It’s officially time to register for the 2014 C-TPAT National Conference.
Despite substantial scrutiny and restriction due to Department of Homeland Security (DHS) guidelines for government sponsored conferences, a scaled back C-TPAT conference will go on. This year’s theme will be “C-TPAT: Partnering in Supply Chain Security and Facilitation for the 21st Century.”
Here’s what you need to know:
On April 11, amid a high demand for soccer apparel in preparation for FIFA World Cup, U.S. Customs and Border Protection (CBP) seized counterfeit soccer apparel shipped from China to the Port of Savannah. The value of the seized goods exceeded $1 million in manufacturer’s suggested retail price (MSRP). The apparel seized contained counterfeit trademarks of the following professional soccer clubs: Arsenal, Barcelona, Celtic, Chelsea, Mexican Federation, Paris Saint-Germain, and Real Madrid. Little did they know they should have tried to import Germany’s soccer club’s apparel.
“You look at that Chelsea patch, and it just looks off,” said Steve Sapp, a spokesman for U.S. Customs and Border Protection. “The last B is smaller than the rest, and that’s the kind of thing you often see with these counterfeit goods. Our investigators know the signs that these goods aren’t real.” Both images are provided below for you to see for yourself – check out the extra space at the top, and the “u” in club.
According to the FDA, approximately 3 million people (or 1 in 133 people) in the United States have celiac disease (CD), including me. While there is currently no cure for CD, unfortunately, individuals who have the disease are advised to follow a strict gluten-free diet. Over time, the continued ingestion of gluten by Celiacs triggers the production of antibodies that attack and damage the lining of the small intestine. Such damage hinders the absorption of nutrients, which leads to an array of severe health issues. This makes truthful gluten-free labeling essential for a Celiac’s survival, and celiac’s like me ecstatic that the “gluten-free” claim will be enforced, come August 5, 2014. If you manufacturer a food product, and are not ready to comply, read on.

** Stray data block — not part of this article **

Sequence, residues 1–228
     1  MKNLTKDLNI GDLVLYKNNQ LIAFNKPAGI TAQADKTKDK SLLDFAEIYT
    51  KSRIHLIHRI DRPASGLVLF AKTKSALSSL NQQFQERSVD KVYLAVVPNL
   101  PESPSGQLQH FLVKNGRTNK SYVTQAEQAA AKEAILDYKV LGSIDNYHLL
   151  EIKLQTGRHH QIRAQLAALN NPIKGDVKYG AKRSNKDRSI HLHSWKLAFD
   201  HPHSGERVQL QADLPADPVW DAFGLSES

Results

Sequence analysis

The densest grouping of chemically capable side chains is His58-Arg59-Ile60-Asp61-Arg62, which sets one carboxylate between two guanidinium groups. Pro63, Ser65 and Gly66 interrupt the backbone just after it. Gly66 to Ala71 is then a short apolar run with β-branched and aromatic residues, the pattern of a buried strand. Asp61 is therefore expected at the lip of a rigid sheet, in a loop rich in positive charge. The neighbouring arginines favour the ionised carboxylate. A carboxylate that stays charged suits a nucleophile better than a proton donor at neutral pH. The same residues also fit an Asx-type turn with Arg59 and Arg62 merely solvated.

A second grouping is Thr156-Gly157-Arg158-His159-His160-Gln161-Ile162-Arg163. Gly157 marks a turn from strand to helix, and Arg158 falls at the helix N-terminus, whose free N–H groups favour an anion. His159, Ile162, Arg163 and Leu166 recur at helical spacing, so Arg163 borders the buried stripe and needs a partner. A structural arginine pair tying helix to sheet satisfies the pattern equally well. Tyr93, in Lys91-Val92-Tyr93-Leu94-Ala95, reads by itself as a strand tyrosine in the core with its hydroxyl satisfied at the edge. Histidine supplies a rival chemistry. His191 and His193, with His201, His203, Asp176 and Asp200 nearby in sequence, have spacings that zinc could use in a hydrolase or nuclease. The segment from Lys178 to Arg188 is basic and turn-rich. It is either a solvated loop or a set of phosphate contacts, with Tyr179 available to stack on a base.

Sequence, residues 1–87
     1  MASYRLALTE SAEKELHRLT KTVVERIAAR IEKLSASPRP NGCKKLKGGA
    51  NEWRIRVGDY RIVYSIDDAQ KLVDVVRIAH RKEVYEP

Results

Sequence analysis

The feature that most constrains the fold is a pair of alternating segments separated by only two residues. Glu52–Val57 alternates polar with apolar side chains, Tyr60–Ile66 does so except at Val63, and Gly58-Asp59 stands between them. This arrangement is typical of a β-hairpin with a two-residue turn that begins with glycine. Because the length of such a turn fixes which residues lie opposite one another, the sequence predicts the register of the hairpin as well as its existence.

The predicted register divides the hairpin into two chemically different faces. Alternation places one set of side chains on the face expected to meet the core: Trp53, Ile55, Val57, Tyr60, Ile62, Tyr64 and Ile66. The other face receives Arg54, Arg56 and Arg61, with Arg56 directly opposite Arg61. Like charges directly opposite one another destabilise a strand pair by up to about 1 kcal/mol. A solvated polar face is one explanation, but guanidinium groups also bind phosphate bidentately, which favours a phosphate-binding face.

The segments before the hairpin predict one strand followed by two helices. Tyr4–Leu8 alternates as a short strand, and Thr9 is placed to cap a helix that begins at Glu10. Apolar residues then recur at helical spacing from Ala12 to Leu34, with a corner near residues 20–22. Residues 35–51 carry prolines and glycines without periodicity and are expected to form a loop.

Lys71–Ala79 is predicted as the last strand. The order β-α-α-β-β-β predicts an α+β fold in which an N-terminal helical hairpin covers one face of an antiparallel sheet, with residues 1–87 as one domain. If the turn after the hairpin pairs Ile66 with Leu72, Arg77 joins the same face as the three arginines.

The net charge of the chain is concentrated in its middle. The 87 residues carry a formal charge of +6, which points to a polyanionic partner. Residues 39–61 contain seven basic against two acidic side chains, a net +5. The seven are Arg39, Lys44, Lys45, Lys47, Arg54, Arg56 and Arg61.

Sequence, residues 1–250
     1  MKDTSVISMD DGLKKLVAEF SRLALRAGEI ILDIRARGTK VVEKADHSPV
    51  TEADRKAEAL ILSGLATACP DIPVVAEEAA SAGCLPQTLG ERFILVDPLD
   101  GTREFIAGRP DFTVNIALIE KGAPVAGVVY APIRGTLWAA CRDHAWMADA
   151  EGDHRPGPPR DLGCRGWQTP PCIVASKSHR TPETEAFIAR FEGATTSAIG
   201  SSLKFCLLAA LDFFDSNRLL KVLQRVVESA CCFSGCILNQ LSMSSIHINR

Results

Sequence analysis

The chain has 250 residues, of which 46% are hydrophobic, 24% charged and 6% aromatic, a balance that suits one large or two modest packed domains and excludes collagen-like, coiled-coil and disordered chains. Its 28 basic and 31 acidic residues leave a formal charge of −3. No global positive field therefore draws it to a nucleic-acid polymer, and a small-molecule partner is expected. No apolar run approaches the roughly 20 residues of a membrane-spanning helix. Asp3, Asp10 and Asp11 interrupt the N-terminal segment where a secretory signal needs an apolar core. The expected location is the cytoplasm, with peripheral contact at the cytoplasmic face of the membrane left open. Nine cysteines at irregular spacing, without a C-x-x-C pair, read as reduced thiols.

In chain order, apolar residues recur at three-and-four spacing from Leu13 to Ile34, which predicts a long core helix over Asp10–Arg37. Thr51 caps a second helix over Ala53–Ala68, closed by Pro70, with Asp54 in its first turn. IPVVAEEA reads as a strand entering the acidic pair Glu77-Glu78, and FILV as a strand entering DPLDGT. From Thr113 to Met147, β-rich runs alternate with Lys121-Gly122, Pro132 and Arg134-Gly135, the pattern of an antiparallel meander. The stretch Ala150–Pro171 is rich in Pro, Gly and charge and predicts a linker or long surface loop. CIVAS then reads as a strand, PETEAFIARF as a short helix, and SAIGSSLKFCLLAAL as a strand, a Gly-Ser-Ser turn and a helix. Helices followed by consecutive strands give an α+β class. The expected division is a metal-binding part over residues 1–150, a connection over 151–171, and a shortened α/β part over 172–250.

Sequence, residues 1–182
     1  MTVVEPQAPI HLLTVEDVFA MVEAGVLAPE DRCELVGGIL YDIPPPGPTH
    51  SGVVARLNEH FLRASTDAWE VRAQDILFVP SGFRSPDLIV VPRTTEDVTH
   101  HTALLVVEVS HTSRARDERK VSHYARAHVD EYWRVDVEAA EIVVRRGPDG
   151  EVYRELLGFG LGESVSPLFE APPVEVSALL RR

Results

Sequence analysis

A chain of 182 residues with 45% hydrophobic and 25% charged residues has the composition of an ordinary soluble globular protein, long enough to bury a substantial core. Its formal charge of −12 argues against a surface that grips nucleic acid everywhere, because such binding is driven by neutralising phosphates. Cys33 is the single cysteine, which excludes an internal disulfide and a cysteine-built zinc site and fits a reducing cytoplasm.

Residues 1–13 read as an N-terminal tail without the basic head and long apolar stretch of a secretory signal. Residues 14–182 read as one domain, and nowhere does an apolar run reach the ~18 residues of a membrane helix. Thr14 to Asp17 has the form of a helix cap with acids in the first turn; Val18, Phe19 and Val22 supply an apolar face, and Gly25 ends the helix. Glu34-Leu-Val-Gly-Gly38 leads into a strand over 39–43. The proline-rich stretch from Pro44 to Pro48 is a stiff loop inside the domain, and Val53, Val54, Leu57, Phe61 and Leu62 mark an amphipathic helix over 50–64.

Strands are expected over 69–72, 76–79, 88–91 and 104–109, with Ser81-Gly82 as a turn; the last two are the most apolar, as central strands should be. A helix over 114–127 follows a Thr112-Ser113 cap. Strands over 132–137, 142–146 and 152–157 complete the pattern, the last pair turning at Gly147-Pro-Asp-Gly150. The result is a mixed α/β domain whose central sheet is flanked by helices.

On April 24, 2014, the U.S. Food and Drug Administration’s (FDA) issued a proposed regulation which would subject the currently unregulated e-cigarette industry to FDA regulation under the authority of the Federal Food, Drug and Cosmetic Act (FD&C Act). The proposed rule put e-cigarettes with a list of products FDA “deemed” tobacco products, and as such, subject to the FD&C Act. OMB intervened to weaken FDA’s original proposal.
U.S. Customs and Border Protection (CBP) recently published the long awaited Federal Register Notice, dated June 16, 2014, discussing the “Announcement of Trusted Trader Program Test.”
This new “Trusted Trader” program is big news for U.S. and non-resident Canadian importers, and if implemented will combine the Customs-Trade Partnership Against Terrorism (C-TPAT) and Importer Self Assessment (ISA) programs, making ISA extinct. CBP is currently recruiting test companies that have to be willing to go through an 18 month program test. Continue Reading
Aramex Emirates, LLC, located in Dubai, United Arab Emirates (U.A.E.), agreed to pay a $125,000 civil penalty to the U.S. Department of Commerce’s (DOC) Bureau of Industry and Security (BIS) for the unlicensed export and reexport to Syria, via the U.A.E., of network devices and software without the required BIS licenses.